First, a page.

The statutory duties of the Future System Operator (FSO) will contain “clear whole systems expectations” to mitigate the risk of a bias towards electricity, the government has said.

The Department for Business, Energy and Industrial Strategy (BEIS) published its joint response with Ofgem on Wednesday (6 April) to the consultation exercise carried out last year into the functions and powers of the new body, which will absorb both National Grid Electricity System Operator and parts of the system operator for gas.

The document said: “We are mindful of the need to avoid unintentionally building in an electricity bias, and we intend to set out clear whole systems expectations for the FSO in its statutory duties to help mitigate this risk.”

The FSO will have a new Gas System Planner licence to enable the discharge of its gas strategic network planning, long-term forecasting and market strategy functions.

The response said the FSO’s statutory duties will inform development of both its electricity and gas licenses.

To help fulfil its functions across the whole system, the FSO will be equipped with statutory powers to request data or information from gas licensees.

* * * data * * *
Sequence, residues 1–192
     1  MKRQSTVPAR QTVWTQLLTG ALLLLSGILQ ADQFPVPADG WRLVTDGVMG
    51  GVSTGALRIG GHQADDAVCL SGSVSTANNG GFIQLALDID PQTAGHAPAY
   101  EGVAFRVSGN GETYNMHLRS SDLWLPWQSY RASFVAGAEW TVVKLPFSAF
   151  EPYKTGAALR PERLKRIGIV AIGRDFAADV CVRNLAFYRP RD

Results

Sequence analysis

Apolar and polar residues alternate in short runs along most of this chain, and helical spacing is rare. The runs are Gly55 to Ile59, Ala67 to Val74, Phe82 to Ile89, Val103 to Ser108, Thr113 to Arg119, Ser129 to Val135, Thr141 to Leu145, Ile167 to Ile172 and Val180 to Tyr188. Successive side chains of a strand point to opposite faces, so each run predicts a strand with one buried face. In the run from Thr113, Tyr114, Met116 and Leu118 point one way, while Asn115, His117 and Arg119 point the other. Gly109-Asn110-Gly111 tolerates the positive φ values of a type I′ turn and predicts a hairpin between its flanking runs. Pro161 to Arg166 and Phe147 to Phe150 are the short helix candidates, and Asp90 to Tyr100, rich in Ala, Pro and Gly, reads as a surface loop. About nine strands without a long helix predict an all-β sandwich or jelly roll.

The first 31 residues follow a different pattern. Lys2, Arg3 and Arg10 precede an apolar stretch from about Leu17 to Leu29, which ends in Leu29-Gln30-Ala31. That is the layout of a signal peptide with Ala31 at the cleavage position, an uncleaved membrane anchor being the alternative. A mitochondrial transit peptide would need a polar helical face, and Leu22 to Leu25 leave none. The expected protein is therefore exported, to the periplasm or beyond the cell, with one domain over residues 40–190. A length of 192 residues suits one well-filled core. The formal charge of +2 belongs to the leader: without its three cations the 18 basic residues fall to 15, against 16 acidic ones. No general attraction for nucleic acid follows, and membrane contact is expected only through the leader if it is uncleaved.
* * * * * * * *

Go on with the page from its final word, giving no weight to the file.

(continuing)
The response also set out the government’s thinking behind its decision to establish the FSO as a public corporation with operational independence from government.

It said feedback from the energy market revealed concerns that involvement by the FSO’s owners in the energy industry or related areas could “compromise its perceived independence and thus the credibility of its performance”.

“Mitigating these concerns would mean imposing very strict ‘anti-conflict’ ownership restrictions, which would likely severely limit the pool of potential owners and make a private sector model less straightforward and less attractive,” the document stated.

The response said funding the FSO via network charging will enable the organisation to remain independent of day-to-day government control.

Commenting on the government’s FSO announcement, Energy Networks Association chief executive David Smith said: “We are glad that the government has been able to give this clear direction on the Future System Operator.

“Coordination and cooperation across electricity and gas transmission and distribution networks, as well as all other players in the energy sector will allow us to make even greater strides towards decarbonising effectively and efficiently.”

David Cole, market director for net zero energy at engineering company Atkins, said: “The commitment to establish an independent body that will take a whole system approach should help to ensure that a net zero energy system is resilient, well-coordinated and delivered in the most efficient and cost-effective way for industry and consumers, providing it has the engineering capability required to create a viable and deliverable plan.”